Orangeburg pipe and why it matters
If your sewer system was built between 1945-1972, you have a high potential of having a sewer line pipe made of a material called Orangeburg. Also known as “no-corrode” pipe, Orangeburg is a type of bituminized fiber pipe made from a mixture of hot pitch and wood pulp. It gets its name from Orangeburg, New York, where it was originally mass-produced by the Fiber Conduit Company (which later changed its name to the Orangeburg Manufacturing Company).
Although various forms of bituminized fiber pipe have been used since the 1800s, Orangeburg owes its origins to World War II, when the iron and steel commonly used for sewer pipes were critical to the war effort. Because of these shortages, Orangeburg pipe was invented so more iron and steel could go toward producing war materials. Following the war, Orangeburg continued to proliferate because it was cheap.
How long does Orangeburg pipe last?
Orangeburg has a life expectancy of approximately 50 years. After 30 years, deformation may begin to occur. All homes with Orangeburg pipe were built before 1972. That could put your house at risk.
What happens when Orangeburg piping begins to deteriorate?
Once the product begins to break down, homeowners can expect frequently clogged lines, tree root invasion, and even total pipe collapse. Once the deterioration process begins, Orangeburg sewer pipes deform quickly, allowing tree roots to break into them and literally shred them.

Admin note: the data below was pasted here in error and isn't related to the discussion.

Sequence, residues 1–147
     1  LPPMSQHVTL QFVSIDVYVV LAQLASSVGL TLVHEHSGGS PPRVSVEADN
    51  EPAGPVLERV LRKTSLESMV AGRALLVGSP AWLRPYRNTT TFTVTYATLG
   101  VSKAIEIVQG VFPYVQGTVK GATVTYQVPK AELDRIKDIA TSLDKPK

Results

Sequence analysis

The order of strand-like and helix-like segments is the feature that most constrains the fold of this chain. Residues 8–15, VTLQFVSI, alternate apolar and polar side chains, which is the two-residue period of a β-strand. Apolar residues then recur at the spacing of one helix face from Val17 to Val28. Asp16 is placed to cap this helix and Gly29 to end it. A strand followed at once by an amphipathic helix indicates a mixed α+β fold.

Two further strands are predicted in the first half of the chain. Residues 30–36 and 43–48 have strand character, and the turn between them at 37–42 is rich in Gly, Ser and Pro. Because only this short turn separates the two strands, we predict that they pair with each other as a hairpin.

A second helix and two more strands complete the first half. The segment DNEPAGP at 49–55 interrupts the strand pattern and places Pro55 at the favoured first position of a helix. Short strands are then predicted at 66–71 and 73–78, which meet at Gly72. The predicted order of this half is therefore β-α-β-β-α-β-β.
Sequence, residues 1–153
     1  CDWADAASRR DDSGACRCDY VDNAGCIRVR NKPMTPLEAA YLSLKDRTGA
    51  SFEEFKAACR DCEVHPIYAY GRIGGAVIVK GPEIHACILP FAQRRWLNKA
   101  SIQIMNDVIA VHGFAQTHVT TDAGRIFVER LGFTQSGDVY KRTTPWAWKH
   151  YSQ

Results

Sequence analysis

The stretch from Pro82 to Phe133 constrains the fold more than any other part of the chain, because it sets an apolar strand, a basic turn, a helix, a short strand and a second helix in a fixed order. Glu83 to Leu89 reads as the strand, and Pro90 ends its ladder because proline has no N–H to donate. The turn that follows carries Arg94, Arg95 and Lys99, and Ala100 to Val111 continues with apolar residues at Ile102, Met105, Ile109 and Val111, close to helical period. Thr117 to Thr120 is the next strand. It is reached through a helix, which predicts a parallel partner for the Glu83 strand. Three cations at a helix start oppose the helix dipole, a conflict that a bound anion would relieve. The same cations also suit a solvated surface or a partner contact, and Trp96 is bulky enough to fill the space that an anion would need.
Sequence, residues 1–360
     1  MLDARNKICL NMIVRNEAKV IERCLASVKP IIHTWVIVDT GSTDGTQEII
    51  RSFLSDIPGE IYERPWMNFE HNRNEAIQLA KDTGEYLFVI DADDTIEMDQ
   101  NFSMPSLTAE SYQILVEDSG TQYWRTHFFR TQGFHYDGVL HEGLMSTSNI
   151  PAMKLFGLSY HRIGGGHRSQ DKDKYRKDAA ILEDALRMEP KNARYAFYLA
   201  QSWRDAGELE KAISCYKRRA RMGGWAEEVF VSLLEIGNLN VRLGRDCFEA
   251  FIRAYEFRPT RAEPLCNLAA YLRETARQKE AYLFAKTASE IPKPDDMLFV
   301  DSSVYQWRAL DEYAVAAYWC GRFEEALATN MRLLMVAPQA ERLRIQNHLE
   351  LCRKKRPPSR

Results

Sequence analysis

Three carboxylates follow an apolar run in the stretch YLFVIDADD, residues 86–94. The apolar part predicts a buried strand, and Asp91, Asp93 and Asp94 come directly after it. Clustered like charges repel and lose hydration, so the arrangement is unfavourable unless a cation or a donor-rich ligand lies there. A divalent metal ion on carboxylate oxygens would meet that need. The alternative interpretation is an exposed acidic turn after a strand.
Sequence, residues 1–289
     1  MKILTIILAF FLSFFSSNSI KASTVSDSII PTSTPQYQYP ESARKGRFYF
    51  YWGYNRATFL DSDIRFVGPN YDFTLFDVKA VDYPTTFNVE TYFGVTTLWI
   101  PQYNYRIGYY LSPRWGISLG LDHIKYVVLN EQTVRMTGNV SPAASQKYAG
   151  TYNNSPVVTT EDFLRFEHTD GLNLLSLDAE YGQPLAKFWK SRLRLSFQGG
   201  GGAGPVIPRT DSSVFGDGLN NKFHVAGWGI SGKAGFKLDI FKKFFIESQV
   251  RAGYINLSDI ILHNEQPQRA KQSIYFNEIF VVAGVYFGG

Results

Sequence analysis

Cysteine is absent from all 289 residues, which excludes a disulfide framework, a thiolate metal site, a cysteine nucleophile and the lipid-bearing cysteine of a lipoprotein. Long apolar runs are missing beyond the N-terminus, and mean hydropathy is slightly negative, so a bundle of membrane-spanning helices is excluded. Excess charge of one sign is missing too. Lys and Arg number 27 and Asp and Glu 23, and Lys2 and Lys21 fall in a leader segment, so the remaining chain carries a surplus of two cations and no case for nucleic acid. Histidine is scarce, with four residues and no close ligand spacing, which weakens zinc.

How do you tell if your home has Orangeburg pipe?
If your house was built between 1940 and 1972, there’s a chance you have Orangeburg. Also, if you have frequent clogs in your main sewer line or you see indentations in the front yard that line up with where the sewer should be, it might be a sign of Orangeburg pipe deterioration. Lastly, if your neighbors have Orangeburg, you probably do too.
You have Orangeburg pipe in your home. What is the solution?
We can come out and perform an inspection with a video camera that does not require digging anything up. If we see that your sewer was built with Orangeburg piping and is showing signs of deterioration, we can talk more about a specialized solution to fit your needs. The bottom line is this material will deteriorate after a certain amount of time due to pressure and moisture. If you don’t address the problem, eventually your sewer line will fail which could cost thousands in preventable repairs. Worried you might have Orangeburg piping? Give us a call to find out at (509) 535-3447 for service in Washington, or (208) 649-9991 in Idaho.